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Heavy Drinking Raises Risk of Liver Cancer: Study
Thu Feb 21, 1:20 PM ET
By Melissa Schorr

NEW YORK (Reuters Health) - Drinking high volumes of alcohol each day is associated with a greater risk of developing liver cancer, a team of Italian researchers reports.

"The quantity of alcohol consumed is the most important determinant of the risk of having liver disease due to alcohol," study author Dr. Francesco Donato, a professor of epidemiology and public health at the University of Brescia in Italy, told Reuters Health. "Drinking a large amount of alcohol for a few years is a risk-taking behavior, whereas drinking a low-to-moderate amount for many years is probably safe for an individual."

Alcohol use is known to be a major cause of liver diseases such as cirrhosis and liver cancer. The researchers hoped to determine what amount of alcohol is considered safe to consume and what amount was most associated with this increased risk.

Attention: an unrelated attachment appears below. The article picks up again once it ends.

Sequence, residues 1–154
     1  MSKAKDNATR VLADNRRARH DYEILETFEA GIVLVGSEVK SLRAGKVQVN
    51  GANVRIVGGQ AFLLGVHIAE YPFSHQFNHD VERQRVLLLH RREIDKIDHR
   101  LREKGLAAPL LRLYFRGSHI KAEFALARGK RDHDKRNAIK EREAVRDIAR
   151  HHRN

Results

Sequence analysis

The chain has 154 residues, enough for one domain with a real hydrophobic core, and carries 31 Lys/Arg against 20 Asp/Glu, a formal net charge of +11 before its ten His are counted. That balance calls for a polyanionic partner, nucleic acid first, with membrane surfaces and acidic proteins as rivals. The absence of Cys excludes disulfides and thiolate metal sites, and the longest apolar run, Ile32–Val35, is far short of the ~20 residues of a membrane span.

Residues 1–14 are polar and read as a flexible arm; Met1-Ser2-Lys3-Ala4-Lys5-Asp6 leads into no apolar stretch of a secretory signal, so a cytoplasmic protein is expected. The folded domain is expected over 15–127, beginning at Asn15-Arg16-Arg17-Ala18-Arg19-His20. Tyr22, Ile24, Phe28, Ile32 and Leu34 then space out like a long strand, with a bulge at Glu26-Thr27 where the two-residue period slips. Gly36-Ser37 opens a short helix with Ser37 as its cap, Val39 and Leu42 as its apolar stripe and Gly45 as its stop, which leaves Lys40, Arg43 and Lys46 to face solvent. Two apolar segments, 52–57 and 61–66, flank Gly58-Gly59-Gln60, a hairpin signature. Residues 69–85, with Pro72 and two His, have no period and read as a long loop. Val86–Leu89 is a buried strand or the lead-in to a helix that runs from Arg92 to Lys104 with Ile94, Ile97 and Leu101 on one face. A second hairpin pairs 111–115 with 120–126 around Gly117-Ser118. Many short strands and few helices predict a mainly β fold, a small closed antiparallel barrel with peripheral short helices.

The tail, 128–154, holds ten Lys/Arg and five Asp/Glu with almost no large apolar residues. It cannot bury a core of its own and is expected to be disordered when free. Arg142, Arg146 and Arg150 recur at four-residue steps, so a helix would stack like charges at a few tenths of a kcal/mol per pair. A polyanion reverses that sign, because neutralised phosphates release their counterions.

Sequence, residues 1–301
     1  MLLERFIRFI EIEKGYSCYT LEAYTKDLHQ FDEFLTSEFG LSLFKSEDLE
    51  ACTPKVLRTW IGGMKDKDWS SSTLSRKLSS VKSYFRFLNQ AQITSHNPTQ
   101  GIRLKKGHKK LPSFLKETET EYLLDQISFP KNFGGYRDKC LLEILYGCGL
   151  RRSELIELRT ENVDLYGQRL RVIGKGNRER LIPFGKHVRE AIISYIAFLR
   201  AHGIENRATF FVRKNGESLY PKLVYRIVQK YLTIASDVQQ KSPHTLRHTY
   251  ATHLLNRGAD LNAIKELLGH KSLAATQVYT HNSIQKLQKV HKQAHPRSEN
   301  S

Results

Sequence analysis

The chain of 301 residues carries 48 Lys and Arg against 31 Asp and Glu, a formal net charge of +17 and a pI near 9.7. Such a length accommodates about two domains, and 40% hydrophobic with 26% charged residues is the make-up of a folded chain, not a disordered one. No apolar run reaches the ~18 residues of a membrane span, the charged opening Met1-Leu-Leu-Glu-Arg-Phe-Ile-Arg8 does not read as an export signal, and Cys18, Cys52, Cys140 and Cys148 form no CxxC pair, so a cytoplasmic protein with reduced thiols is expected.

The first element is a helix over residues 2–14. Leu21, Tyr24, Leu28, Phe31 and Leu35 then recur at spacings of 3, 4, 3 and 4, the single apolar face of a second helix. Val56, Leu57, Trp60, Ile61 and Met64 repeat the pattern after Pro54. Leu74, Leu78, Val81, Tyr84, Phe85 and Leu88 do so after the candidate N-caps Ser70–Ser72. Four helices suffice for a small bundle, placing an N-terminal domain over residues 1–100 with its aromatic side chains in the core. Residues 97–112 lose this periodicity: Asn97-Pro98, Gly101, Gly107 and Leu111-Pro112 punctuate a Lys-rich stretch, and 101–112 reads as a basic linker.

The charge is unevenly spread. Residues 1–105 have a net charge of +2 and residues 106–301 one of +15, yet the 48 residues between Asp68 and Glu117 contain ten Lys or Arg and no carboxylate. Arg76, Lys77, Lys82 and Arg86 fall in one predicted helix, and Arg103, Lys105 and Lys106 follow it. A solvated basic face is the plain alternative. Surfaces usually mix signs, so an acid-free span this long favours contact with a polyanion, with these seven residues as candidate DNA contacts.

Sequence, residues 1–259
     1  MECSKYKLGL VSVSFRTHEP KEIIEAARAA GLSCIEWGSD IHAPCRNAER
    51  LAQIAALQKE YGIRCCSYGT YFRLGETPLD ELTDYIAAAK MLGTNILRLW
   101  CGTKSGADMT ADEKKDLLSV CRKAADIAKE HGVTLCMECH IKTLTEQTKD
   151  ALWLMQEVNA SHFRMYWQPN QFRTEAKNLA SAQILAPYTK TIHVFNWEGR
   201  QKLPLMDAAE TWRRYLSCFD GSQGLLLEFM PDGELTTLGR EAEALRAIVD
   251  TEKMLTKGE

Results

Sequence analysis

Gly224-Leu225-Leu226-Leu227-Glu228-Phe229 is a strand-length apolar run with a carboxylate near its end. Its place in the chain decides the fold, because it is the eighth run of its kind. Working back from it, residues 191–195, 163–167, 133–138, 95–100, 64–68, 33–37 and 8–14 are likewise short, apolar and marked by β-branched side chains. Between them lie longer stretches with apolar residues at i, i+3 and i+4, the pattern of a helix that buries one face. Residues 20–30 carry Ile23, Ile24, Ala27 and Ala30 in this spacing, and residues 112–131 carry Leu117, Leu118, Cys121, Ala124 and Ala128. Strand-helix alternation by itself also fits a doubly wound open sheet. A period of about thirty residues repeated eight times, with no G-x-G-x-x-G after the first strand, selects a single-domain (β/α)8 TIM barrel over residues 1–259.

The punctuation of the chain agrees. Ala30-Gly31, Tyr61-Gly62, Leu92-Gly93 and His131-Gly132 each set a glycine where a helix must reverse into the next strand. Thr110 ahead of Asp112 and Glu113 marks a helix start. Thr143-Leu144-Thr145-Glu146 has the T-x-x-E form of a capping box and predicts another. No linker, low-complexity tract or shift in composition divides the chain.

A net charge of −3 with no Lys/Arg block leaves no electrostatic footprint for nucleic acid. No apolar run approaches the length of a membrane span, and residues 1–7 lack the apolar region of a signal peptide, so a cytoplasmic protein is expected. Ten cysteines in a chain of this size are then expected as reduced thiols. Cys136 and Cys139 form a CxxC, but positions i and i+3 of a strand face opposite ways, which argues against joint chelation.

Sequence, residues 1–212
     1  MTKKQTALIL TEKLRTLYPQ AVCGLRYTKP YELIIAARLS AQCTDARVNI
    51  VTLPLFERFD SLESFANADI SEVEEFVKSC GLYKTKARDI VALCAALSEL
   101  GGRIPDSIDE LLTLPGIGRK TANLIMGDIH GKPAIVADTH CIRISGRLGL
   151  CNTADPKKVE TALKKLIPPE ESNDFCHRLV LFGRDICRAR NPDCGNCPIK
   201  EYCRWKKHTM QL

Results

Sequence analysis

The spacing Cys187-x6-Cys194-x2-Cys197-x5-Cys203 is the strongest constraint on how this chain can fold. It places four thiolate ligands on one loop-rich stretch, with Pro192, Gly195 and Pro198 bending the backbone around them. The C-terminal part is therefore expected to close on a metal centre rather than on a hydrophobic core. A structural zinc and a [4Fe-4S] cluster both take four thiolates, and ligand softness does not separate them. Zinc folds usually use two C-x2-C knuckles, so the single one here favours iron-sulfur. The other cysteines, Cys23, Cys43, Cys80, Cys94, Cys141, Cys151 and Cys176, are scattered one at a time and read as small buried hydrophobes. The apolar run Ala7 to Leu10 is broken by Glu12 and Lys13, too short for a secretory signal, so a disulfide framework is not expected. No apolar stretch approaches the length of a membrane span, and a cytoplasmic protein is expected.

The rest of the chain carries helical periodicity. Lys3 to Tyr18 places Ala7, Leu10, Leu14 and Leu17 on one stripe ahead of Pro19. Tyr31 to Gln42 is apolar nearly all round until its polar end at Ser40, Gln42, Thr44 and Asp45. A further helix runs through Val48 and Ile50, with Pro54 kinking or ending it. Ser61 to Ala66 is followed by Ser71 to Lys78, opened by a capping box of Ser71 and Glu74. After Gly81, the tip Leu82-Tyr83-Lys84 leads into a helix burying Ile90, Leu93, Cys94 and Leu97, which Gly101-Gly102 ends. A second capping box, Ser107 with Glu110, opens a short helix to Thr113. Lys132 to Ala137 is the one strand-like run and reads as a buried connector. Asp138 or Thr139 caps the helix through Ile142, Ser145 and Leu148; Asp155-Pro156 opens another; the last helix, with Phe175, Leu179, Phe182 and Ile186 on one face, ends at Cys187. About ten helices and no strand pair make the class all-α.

Donato and colleagues studied 464 Italian men and women diagnosed with hepatocellular carcinoma, the most common form of liver cancer, and 824 patients with no liver damage. All were asked to report their lifetime drinking history. The study results are published in the February 15th issue of the American Journal of Epidemiology.

The researchers found that for both men and women, drinking more than 60 grams of alcohol a day, equivalent to around four to five glasses of wine, was associated with an elevated risk of developing liver cancer, while drinking between 40 and 60 grams of alcohol daily, the equivalent of three to four glasses of wine, was associated with a moderate risk.

"Drinking up to 40 grams per day is probably not dangerous for the liver of a healthy individual," Donato noted, "and may (even) be beneficial to his or her cardiovascular system."

Because most of the patients were primarily wine drinkers, the investigators could draw no conclusions about the effects of different types of alcohol.

The researchers also found that the risk of developing liver cancer was even greater for patients who had been diagnosed with either hepatitis C or hepatitis B. "The risk of (liver cancer) in subjects with a viral hepatitis infection approximately doubles if he or she also drinks alcohol regularly," Donato noted. "Prudently, they should totally abstain from drinking alcohol."

SOURCE: American Journal of Epidemiology 2002:155:323-331.

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